Torpedo Live vs Studio

ProgFree

New member
Am about to order one of these two. The live would fulfill my needs but am curious about the studio after watching the Steve Stevens vid.
Are there some clips with a direct comparison between the two? Does the non-linear impulses of the studio translate in a much more realistic sound and depth in the context of a mix?
Cheers!
 

sysexguy

New member
Both are great but the biggest difference would be the Studio blending 2 cabs or two mics on one cab. With any hardware Torpedo, ownership gives you access to the same cabinets that come with the unit when using the Torpedo WOSIII plug in. This means you can access many Studio functions with a lIve in a studio environment using the Live's load and the WOSIII.

I would recommend downloading the WOSIII demo and you can try out the sonics of the addition Variphi, Overload and multi cabinet possibilities. This will help you see if the Studio's extra features are something you want.

Another factor would be if you own amps that would be better at 4 or 16 ohms, the Studio is the one.
 

ProgFree

New member
Thanks for the explanation. I use the WOS since some years and am familiar with the variphi and overload features, and while I don't use these functions all the time, multi cab or multi mic I use almost always. Will have to think a bit :thumbsup:
 

sysexguy

New member
The Studio has superior ad/da conversion and runs at a higher native sampling rate. It also has increased DSP resources adding the overload and variphi parameters, and expanded post FX (comp, exciter etc.). If we use the car analogy, what would be difference between driving a Toyota and a Lexus if we're going to the store to buy milk and eggs, driving across the country etc.?

All these attributes do make for a possible difference but the 2 cabs at once ( or 2 cabs on a cab) is the most audible feature.

A Live user can have the sound of 2 cabinets as well.....either by using the Live in conjunction with WOSIII which is included in their product license or by using a static IR featuring 2 or more cabs or mics. These can either be obtained from a commercial source or mixed by the user using the free Torpedo BlendIR program using commercial or user static IR's. A Live can hold 512 static IR's at a time and these can be assigned to any Patch so gigging is easy without any ancillary equipment required.
 

heythere

New member
I'm sorry, I didn't understand your analogy. Just wondering if the sound quality is the same or noticeably different sonically. I would most likely be using this w/ WOS regardless of which model I'm using if that helps explain.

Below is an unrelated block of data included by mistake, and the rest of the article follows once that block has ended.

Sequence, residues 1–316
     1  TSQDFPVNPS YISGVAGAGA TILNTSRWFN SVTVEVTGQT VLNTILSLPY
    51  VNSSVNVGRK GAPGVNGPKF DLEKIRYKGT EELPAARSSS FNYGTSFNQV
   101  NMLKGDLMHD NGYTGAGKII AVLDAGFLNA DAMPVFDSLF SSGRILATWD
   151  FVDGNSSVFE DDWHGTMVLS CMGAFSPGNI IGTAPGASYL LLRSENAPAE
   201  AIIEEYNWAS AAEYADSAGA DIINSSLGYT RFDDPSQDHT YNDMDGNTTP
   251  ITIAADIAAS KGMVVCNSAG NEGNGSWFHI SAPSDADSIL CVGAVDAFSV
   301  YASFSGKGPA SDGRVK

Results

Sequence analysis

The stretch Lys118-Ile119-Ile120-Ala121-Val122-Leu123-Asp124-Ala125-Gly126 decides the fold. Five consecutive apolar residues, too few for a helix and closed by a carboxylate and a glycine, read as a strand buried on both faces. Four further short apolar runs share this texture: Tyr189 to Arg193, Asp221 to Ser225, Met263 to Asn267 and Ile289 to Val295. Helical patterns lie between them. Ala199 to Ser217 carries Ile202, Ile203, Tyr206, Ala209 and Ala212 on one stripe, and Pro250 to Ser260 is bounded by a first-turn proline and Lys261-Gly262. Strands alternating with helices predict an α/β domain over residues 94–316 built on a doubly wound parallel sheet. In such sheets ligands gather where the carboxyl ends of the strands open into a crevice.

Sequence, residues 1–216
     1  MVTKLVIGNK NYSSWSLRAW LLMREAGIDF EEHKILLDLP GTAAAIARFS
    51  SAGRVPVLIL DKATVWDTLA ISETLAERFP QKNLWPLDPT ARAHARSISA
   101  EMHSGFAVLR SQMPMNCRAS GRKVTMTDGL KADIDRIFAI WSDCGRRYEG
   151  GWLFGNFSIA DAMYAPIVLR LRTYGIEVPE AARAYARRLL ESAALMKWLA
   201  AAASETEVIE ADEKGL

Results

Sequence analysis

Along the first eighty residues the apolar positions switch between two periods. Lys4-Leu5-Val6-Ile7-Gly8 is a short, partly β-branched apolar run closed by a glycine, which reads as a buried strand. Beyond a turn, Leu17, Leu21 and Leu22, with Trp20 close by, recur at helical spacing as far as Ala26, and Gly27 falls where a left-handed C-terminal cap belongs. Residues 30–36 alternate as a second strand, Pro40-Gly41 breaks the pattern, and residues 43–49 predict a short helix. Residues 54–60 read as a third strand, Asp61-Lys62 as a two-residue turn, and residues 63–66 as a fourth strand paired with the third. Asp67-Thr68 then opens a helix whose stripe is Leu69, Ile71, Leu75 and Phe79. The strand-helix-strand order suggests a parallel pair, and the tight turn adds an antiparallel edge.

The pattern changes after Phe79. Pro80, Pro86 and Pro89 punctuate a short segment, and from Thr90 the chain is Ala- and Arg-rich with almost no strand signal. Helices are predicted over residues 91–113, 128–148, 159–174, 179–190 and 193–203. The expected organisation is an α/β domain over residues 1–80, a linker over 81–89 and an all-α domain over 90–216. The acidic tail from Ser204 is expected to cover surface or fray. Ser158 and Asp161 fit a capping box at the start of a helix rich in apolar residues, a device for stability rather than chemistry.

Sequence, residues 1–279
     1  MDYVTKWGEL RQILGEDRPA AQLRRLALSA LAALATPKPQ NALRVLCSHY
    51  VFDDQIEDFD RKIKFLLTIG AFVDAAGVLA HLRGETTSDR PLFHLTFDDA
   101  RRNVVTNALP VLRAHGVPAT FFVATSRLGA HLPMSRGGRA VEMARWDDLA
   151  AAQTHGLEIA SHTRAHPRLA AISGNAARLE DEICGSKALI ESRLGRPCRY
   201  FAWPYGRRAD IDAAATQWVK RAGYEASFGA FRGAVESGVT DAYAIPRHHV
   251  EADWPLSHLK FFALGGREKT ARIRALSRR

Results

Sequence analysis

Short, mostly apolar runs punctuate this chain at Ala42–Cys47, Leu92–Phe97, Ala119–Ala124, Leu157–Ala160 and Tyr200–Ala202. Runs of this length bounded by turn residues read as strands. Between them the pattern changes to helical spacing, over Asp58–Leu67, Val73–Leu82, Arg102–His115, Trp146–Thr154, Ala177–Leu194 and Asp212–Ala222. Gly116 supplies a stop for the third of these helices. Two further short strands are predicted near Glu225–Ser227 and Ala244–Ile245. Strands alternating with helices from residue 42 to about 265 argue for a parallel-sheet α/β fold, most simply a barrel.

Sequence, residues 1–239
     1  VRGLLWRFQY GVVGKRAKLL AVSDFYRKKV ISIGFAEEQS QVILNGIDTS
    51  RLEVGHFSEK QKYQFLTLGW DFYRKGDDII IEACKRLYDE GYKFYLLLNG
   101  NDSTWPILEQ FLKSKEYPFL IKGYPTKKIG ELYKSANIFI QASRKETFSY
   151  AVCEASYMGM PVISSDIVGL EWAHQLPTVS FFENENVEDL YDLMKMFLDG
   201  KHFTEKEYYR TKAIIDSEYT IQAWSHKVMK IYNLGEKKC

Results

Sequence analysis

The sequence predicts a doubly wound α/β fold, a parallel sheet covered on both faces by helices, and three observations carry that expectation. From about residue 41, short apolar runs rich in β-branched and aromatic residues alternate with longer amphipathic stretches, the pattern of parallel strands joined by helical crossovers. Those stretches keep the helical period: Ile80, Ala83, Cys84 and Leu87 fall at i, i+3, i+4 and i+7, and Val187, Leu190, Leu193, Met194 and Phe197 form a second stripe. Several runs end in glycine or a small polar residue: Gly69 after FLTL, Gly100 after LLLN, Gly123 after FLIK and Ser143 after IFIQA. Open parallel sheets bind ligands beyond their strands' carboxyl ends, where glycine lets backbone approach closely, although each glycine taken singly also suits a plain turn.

PBGas

Well-known member
I have the Live myself and love the unit! Fantastic in every way and allows me to do everything I need in one box.

The studio is a step above with a better sampling rate and more features. For me, the Live fit my budget and needs. If you have the means to get the studio, I would go that route.
 

heythere

New member
What does better sampling rate mean? I really would like to know how much better the studio sounds sonically vs. the live. This is mainly in regard to the load, as I would be using WOS III
 

guillaume_pille

Active member
heythere sonically there is a difference, as the loadbox is slightly different (and multiple impedance on Studio), and the overall electronics is better on the Studio (better dynamics, lower ground noise, etc...).

If the budget is not your main concern, aim at the best, and it's the Torpedo Studio.

But for a residential use, and if you're OK to use WoS III, and if you have a very, very good audio interface, Reload may be the other excellent option (same loadbox as Studio).
 

Blues101

New member
Hello, I'm also trying to decide which unit to purchase between the Torpedo Live and the Studio.

In my case I would only use it for home recording with Cubase Pro, not for live playing. My interface is an RME Fireface 802, which has AES / EBU digital ports. This is the reason why I have the Studio in mind, I could record 44,1 kHz directly in digital to the DAW, not needing to convert from digital to analog and back into digital in the soundcard. But I'm not sure I would need the double mic and cab feature in a future.

Should I go for the Studio considering the AES/EBU in my soundcard?.

I also have another question, about how to record in stereo using a Strymon Timeline stereo delay. To do this, I think the signal path should be:
Guitar -> Tube amp -> Torpedo Studio speaker in -> Analog outputs of the Torpedo into the Strymon Timeline -> Stereo outputs of the Strymon Timeline into a pair of soundcard preamps.

Thanks in advance!

Best regards.
 

sysexguy

New member
It will be far easier to integrate the Studio if you wish to use the digital connection.

As far as using the Strymon, you'd have many possibilities.

the most obvious is analog after the Torpedo into 2 analog inputs of your interface

you could also take the analog out to the Strymon and also take the digital out direct. In this case, you'd set normally set the effect mix to 100%

You could also experiment using different cabinets for the dry and effected sounds....ie take a 4x12 direct and a 1x12 to feed the Strymon for example.

You could then either pan the signals or have the dry sound center and the effect in stereo giving a wet dry wet effect.

You could also record one side pre simulation and optionally place the effect there. You could then re-cabinet these tracks at a later time (using the digital i/o). The other side with simulation can be used to monitor while tracking.

You may also later find some great rack processors with digital i/o that give you amazing sounds that could augment or replace the Strymon.

The Studio is a bigger investment but it will give you lots of creative options to experiment with
 
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